A life saved, a wish granted, and a future brightens

Photo by Daniel Jackovino Ava Covington decked out in her holiday finery during her cello performance at Macy’s in the Short Hills Mall on Monday during the launch of the stores ‘Believe’ campaign.
Photo by Daniel Jackovino
Ava Covington decked out in her holiday finery during her cello performance at Macy’s in the Short Hills Mall on Monday during the launch of the stores ‘Believe’ campaign.

BLOOMFIELD, NJ — Ava Covington, the Bloomfield High School girl who collapsed at Foley Field in March from an apparent heart attack, played holiday melodies on the cello Monday, Nov. 7, to open Macy’s 2016 National “Believe” campaign in New Jersey.

The cello was a gift from the “Make-A-Wish New Jersey” which is sponsored, in part, by the “Believe” campaign. “Make-A-Wish” grants children with serious medical conditions their one “big” wish and Ava wanted a cello. The recital took place at Macy’s in the Short Hills Mall.

An 11th-grader, Ava, 16, had collapsed during track practice but a number of quick-thinking coaches revived her. She underwent open-heart surgery and, in a second operation this September, had an internal cardiac defibrillator installed, according to her father, Ken Covington.

The Macy’s event was well-coordinated and surprisingly active for the restricted space where it was held. Among the displays of holiday chocolates, ornaments and children’s clothing were numerous store personnel, photographers, a cameraman from ABC-TV News, a face-painter, a disc jockey, a balloon artist, plus microphones, speakers, a cookie table, and Thomas Weatherall, the CEO of Make-A-Wish NJ. The event was held near the escalators on the third level of the store. It was well-placed since pronouncements over the small PA system could be heard by first- and second-level shoppers.

“There are children today receiving results from X-rays and medical tests,” Weatherall said, “and there are parents going home today knowing that their child is faced with a life-threatening medical condition.”

According to Weatherall, in NJ, between 650 and 700 children received such a diagnosis every year

“The great news is we have Macy’s “Believe” campaign, he continued. “The funds raised by Macy’s gives us the confidence that whatever wish a child has, it will be granted.”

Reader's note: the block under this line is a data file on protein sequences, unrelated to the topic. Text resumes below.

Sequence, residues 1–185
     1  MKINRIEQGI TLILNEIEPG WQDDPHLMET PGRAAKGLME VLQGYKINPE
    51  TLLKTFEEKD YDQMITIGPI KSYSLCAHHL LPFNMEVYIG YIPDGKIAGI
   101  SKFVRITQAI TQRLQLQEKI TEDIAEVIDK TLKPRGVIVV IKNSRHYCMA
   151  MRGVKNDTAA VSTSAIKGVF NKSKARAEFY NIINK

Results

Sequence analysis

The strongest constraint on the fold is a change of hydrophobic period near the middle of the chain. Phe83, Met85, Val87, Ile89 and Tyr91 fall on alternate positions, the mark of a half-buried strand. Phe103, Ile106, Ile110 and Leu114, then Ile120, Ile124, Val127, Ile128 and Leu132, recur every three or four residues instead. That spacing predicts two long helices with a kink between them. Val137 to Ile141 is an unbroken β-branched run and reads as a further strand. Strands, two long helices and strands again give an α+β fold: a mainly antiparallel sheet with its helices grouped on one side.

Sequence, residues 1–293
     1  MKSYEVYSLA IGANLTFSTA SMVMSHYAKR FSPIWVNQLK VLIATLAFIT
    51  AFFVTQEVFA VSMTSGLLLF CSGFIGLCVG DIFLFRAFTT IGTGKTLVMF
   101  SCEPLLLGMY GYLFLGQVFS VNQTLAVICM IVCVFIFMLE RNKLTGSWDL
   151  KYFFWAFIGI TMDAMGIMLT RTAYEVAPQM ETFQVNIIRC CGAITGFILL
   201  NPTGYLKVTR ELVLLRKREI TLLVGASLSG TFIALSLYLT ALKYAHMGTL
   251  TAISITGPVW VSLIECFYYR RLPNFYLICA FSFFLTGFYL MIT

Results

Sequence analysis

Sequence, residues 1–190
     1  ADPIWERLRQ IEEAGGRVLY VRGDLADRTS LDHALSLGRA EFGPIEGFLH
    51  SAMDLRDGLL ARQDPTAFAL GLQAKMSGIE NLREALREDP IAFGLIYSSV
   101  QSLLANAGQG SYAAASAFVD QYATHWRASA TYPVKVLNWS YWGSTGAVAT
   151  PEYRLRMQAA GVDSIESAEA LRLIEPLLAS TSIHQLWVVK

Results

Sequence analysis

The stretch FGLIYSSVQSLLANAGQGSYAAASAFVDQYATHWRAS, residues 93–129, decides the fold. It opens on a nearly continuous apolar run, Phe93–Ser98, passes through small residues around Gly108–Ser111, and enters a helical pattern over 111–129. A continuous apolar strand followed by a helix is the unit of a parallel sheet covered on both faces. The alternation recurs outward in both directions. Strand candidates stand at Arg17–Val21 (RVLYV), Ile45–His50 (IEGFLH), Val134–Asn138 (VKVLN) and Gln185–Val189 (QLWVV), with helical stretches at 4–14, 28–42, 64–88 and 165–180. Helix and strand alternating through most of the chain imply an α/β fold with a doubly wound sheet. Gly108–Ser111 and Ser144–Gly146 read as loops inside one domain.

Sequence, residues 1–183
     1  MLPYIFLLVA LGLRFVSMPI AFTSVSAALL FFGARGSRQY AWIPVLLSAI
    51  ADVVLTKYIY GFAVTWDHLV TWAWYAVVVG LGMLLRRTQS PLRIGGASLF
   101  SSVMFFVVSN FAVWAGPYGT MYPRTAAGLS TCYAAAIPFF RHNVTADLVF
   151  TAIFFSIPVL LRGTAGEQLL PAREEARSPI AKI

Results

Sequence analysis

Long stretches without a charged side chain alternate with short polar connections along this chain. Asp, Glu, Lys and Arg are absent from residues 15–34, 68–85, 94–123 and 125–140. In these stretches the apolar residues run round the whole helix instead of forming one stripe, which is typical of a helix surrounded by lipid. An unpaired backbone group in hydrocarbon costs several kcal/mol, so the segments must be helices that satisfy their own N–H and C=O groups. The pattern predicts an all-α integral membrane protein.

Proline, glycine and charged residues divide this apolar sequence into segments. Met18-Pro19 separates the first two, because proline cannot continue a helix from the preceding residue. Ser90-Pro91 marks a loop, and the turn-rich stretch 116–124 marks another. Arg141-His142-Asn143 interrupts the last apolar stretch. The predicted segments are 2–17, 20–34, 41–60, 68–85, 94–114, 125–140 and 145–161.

Covington said surgery on his daughter determined that scar tissue had developed near her heart and this was as the reason for her collapse at Foley Field.

He had previously said that, as a 10-year-old attending Demarest Elementary, Ava had collapsed while playing basketball in the school gym. This incident led to the discovery that one of her coronary arteries was pinched, preventing adequate oxygen from reaching the brain when she exerted herself. She had open-heart surgery to correct the condition but it was scar tissue that developed from this surgery, Covington said, that would cause the Foley Field incident six years later.

Ava’s mother, Tamisa, said one of her daughter’s surgeons nominated her for “Make-A-Wish.”

The girl was interviewed and contacted by wish counselors. Her daughter found out she would have her wish granted in May or June.

Ava said her selection by “Make-A-Wish” was a huge surprise. She has been playing the cello for five years and is a member of the BHS orchestra.
“I didn’t think I would be selected,” she said. “I asked for a carbon-fiber cello with a matching bow and hard case.”

The instrument costs around $8,000, she said.
But that might not be such a stretch for wishes and certainly not for “Make-A-Wish.”

“Since 1983, “Make-A-Wish” has granted more than 9,000 wishes in New Jersey,” Weatherall said.

Among the fulfillments he mentioned were an audience with Pope Francis; meeting the Dalai Lama; visiting the Netherlands to see firsthand where Anne Frank hid from the Nazis; and a trip to the Galapagos. No so far-flung have been hot spas, and gifts of specialized computers for children with impairments caused by their illnesses.

Recalling the Foley Field incident, Ava, a member of the track team at the time, said she was running and there was no warning, no sensation.
“The next thing, I’m in the hospital,” she said. “People had to fill me in.”

In the past, she would sometimes experience chest pains and blurry vision, she said, but would not pass out. But this time — nothing.

“That’s the scariest part,” she said. “I didn’t see it coming.”
For the rest of her time in high school she cannot participate in contact sports.
“At least until the end or the beginning of college can I begin talking about it,” she said. “The entire event has been devastating for me. I like working out.”

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